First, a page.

Sunday, November 24, 2013

'You Can't Hurt Ham' -- especially with this recipe for the best ham you ever ate

In his 2012 album "Music to My Ears," Ricky Skaggs has a funny song about bluegrass music pioneer Bill Monroe's fondness for ham -- and what happened late one night on the bus between gigs.  "Mon," as his friends called Monroe, was hungry as they raced through the evening but nothing was open at that late hour. A banjo player who had just joined the Blue Grass Boys tour volunteered that his momma had sent him off with a bag of country ham biscuits -- but the bag was getting a little greasy and the ham moldy and none of it looked like much.  In Skaggs' and Gordon Kennedy's lyrics, the great bandleader and inventor of the high lonesome sound didn't care what it looked like: "Mon said 'Boy, hand me that bag/You know you can't hurt ham.'"  At least one reviewer predicted "You Can't Hurt Ham" will become a bluegrass standard in due time.

I understand what Monroe meant about not hurting ham, but I also know this: You can fix ham, and you can fix pretty good ham. But if you want to fix a great ham, you need a sure-fire way to do it. And for that I've learned to go with the Wrap-Cook Ham method championed by my friend Barnie Day of Meadows of Dan, VA., which he first learned from Robert Crumpton Sr. of Person County, N.C. It's not only sure-fire and delicious; it's also easy.

I've written about this several times before -- first in The Charlotte Observer during my newspapering days not long before Christmas 2010.  But then I realized that Christmas isn't the only time to do up a ham just right. There's Thanksgiving as well, plus any other time of the year, holiday or not.  So I'm passing it along right now so that you have plenty of time to find you a ham and cook it up for the crowd.

Now, I could explain it in my own words, but Barnie's story is the read deal, and a good read to boot, so you can't miss. Herewith, the Hon. Barnie K. Day:

This is the world’s best way to cook a country ham.  Guaranteed.  Period.  Scout’s honor.  Cross my heart and hope to die.  And it’s not original.  Of course, I stole it.  And, as luck would have it, it is also the easiest.  Often the case.  We overcomplicate a lot of things.  Cooking a ham is one of them.

Let’s start with the ham itself, and how it was cured. 

There are lots of run-of-the-mill brands, some of them old and famous but still run-of-the-mill, brands that owe their reputations more to glossy catalogues and clever and expensive marketing campaigns than they do to judge-by-eating juries.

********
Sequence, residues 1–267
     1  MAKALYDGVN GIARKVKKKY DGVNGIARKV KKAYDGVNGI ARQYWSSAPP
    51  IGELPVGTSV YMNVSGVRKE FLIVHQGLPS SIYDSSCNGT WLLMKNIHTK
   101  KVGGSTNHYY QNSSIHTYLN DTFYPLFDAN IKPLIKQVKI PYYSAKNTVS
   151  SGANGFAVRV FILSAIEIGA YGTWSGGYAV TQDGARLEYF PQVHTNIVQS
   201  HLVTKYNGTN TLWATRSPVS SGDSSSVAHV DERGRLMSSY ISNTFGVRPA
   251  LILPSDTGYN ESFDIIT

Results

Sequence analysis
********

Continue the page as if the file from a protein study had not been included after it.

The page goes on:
Many of these hams are cured “inside out,” needle-embalmed with nitrate injections.  They are not the best hams -- often more expensive -- but not the best.

Still, these hams eat okay -- unless you’ve eaten ham cured like your granddaddy cured it, ham cured the old way.

He cured his hams “outside in.”  He didn’t know about nitrate injections.  (And if he had, he wouldn’t have done it to his hams!)  He simply packed his fresh in plain salt for six to eight weeks, took them up, washed and dried them, maybe smoked them a little, maybe not, probably peppered them, hung them in cotton sacking in a cool place, out of reach of the dogs, and aged them for several months. 

A note here:  don’t be flummoxed by the term “sugar cured.”  Often salt is mixed with sugar, with pepper, with molasses, with honey -- all kinds of stuff -- and labeled some fancy “cure,” or another, but these things -- including smoke -- be it apple wood, hickory, whatever -- only flavor hams.  What cures, or preserves, a ham is the salt that it absorbs during the curing process. 

Buy whatever brand you want.  For my money, the best country ham in this part of the world, the one closest to what your granddaddy cured, is a Clifty Farm ham, processed for 60 years or so by the Murphey Family, in Paris, Tennessee.  They’re usually available, and reasonably priced, across Southside Virginia around Christmastime.  ($1.79 a pound at the Piggly Wiggly in Danville.)

Okay, now let’s cook that bad boy!

Unwrap the ham and wash it.  Yeah, they all have a little mold.  No big deal.  Really.  It would cause me some concern if it didn’t have mold on it.  Just palm it off with a little warm water.  Two minutes, tops. 

Put the ham in a pot that you have a top for.  I always have to cut the hock off so it will fit the pot I use.  They’ll cut the hock off for you at the grocery store.  If I have to tell you what that hock is good for, stop reading this and move on.  You got no business with a country ham.  Either that, or you’re a Yankee, and threw the ham out when you saw the mold.

Fill the pot with water until the ham is covered with 3-4 inches, put the top on, and bring it to a boil.